Where SOA Is Working
Just forget about the hype of SOA and see it as a platform for ensuring integration with the many systems that are toggled together with hand-built adapters and connectors that don't scale. The IT organizations getting the best results today do the following:
- Take order-management trouble spots and apply integration to streamline these workflows. Web services show the highest ROI when applied to transaction workflows. Thanks to the development of more object-oriented programming tools, databases can handle this need.
- Look at how to use web services to create an order-state engine. Being able to track an orders' state at any point in time makes more sense as a web service, especially if an organization relies extensively on precise delivery dates or high levels of customization in product designs.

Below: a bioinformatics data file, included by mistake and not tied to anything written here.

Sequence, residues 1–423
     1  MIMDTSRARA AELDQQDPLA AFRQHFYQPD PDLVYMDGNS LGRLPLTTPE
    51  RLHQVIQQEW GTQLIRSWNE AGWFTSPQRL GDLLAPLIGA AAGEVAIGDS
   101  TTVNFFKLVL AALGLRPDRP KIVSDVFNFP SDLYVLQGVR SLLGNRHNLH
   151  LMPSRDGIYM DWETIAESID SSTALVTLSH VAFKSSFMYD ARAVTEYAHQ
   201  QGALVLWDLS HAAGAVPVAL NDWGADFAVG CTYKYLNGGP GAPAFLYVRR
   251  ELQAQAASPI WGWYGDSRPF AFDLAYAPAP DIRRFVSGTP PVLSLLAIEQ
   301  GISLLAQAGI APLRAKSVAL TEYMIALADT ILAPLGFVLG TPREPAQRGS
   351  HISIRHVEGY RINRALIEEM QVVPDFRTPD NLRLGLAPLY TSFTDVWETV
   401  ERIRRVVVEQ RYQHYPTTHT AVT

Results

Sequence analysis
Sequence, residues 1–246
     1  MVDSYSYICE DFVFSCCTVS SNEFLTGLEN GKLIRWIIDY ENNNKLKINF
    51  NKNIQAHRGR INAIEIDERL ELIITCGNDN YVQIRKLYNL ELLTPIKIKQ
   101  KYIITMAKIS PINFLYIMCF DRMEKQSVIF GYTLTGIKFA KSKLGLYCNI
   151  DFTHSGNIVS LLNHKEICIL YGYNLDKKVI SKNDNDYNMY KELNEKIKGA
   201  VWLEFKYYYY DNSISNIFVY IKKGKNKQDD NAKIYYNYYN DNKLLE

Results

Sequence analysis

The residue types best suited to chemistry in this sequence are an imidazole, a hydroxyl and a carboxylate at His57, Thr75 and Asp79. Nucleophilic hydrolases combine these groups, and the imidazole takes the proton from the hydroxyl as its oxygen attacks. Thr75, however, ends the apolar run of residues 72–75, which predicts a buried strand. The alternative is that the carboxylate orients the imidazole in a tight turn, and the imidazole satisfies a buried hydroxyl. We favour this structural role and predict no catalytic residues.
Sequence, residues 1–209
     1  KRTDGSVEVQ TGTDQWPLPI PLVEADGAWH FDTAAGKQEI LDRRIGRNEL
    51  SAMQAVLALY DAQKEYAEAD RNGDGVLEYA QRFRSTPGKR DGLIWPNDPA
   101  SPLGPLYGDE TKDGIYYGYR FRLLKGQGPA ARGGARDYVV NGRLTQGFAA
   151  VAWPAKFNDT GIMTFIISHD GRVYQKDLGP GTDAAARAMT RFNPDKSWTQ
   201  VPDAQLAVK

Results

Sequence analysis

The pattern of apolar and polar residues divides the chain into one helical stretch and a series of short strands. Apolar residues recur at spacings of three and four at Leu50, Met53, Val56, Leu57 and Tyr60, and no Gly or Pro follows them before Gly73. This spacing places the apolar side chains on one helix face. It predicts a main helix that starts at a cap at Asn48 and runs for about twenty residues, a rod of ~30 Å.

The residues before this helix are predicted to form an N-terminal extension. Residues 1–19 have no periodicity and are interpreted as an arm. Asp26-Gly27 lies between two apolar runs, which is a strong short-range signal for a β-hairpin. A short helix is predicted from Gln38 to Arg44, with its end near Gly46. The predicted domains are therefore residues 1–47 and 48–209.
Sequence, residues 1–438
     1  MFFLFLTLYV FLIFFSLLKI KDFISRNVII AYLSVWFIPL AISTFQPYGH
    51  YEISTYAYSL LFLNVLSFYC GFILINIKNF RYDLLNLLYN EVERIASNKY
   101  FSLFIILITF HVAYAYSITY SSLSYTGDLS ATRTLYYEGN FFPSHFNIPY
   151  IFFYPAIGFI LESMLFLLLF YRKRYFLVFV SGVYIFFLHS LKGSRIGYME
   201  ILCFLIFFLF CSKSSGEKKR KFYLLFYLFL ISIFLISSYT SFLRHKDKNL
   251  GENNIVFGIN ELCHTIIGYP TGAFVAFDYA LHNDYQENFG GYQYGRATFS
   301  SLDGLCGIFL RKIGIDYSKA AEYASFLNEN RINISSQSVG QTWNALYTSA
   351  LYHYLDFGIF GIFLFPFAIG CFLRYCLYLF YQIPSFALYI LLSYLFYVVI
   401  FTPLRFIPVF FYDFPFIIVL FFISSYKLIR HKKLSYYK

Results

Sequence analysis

- Realize that web services start with time savings, not headcount reductions. The fact that so many early developers of web services are relying on headcount reductions to provide positive ROI is misleading; better to trim time from any order-management process over simply automating an internal function. Making order management and transactions the center of web services development shows ROI.
- Addressing security concerns. The ACID-compliance test of any web service is managing a stream of transactions. It's not enough anymore to simply tie together content and present it in a portal; that's Web Services 101. The true test of web services is in automating order management and transactions.